Riley gave me a puzzled look. Who would be knocking on our door at eight in the morning?
            I ran to the door and flung it open. “Why, Libby Flanders!” I exclaimed. “What on earth are you doing here?”
“I’m returning your horse and buggy.”
My mouth dropped open. Riley came up from behind me. “You what?” he asked.
            “Our great-uncle is visiting out at the ranch. He’s old and rather forgetful. Yesterday, Papa needed some supplies and wanted to send a telegram. Uncle Tatum volunteered to go into town. Father protested, but Uncle insisted, and he won. He took our horse and buggy into town. But”—she sighed—“he’s not a teetotaler and likes a drink now and again.”
Libby’s shoulders slumped. “Guess he had a little too much to drink. When he came out onto the street, he figured he’d misplaced our horse and buggy.” She giggled. “Our horse looks amazingly like yours, and the buggies are nearly identical—but yours is much newer.”
Andi’s eyes grew wider by the minute. “You mean . . .”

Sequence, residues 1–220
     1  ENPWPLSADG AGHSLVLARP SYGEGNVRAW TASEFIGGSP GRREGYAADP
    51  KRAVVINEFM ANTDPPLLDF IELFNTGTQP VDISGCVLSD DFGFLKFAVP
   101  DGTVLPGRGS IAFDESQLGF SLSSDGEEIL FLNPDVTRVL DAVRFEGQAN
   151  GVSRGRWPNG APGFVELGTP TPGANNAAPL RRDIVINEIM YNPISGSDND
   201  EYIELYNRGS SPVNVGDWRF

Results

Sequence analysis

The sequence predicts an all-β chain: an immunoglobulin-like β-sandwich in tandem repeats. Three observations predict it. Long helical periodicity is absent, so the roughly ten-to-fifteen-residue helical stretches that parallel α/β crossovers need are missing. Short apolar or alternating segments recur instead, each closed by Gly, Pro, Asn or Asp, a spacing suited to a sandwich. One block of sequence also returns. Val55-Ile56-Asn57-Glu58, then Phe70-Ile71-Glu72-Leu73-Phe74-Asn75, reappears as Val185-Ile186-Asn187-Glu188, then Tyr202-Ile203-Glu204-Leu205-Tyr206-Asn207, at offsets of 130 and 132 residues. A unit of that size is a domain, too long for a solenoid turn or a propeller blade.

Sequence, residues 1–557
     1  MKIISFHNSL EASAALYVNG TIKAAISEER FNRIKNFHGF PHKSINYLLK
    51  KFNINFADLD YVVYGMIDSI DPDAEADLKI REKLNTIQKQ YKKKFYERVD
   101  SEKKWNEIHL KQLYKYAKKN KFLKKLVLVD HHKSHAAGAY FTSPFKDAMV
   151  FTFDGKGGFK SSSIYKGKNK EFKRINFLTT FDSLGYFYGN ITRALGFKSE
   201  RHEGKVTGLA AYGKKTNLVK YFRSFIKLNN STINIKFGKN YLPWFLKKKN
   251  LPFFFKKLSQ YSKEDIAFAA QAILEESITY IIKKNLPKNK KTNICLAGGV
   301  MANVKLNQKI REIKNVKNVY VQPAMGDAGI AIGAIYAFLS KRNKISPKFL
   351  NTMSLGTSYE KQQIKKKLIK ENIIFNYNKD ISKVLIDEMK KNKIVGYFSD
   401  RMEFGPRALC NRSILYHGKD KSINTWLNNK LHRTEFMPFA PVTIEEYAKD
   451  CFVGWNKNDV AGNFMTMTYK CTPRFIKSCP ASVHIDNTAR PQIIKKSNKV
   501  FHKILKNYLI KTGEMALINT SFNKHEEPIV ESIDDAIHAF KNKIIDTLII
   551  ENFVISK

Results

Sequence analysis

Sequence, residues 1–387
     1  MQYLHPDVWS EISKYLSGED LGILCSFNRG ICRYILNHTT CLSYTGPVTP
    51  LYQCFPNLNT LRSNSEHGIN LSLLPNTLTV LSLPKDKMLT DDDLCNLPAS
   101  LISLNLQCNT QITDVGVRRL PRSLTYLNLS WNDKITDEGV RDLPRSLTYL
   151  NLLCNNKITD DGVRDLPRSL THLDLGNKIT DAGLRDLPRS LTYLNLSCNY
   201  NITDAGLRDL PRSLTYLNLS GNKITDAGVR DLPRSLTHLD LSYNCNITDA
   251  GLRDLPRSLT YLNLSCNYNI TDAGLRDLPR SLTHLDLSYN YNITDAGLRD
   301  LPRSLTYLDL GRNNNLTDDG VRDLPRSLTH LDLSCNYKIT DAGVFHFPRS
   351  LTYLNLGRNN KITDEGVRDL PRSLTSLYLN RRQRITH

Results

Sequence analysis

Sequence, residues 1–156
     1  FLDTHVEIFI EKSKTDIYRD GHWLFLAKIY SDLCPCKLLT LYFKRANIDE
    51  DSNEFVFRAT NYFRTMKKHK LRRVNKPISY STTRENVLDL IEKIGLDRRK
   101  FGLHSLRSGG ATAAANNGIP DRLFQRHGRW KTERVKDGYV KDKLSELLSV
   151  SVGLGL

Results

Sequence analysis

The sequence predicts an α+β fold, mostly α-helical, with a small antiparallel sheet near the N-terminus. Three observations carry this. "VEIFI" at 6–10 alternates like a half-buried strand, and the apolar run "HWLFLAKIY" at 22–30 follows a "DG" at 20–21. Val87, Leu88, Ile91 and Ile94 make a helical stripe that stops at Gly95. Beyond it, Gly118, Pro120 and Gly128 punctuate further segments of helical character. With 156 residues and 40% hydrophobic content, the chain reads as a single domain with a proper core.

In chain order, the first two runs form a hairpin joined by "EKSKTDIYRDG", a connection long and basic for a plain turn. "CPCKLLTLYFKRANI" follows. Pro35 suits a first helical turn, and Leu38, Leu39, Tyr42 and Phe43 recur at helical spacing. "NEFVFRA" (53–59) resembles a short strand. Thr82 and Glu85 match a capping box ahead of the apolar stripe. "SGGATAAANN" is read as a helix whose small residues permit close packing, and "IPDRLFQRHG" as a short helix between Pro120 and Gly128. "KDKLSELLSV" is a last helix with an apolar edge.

“Yes. Uncle Tatum helped himself to your buggy and horse. Took us the rest of the afternoon and into the evening to figure out whose rig and horse it was. I mean, really. Your name’s not on it or anything. Somebody was unhitching the rig after Uncle got home, when they figured out it wasn’t a Triple L rig.”
She laughed and finished her story. “We hightailed it back to town, and so our search began. Long about sundown, we checked at the livery, and Sam Blake said both you and Riley had been scurrying around trying to find your buggy. By then it was too late to come out here, but Papa wanted to make sure you got it back first thing this morning.”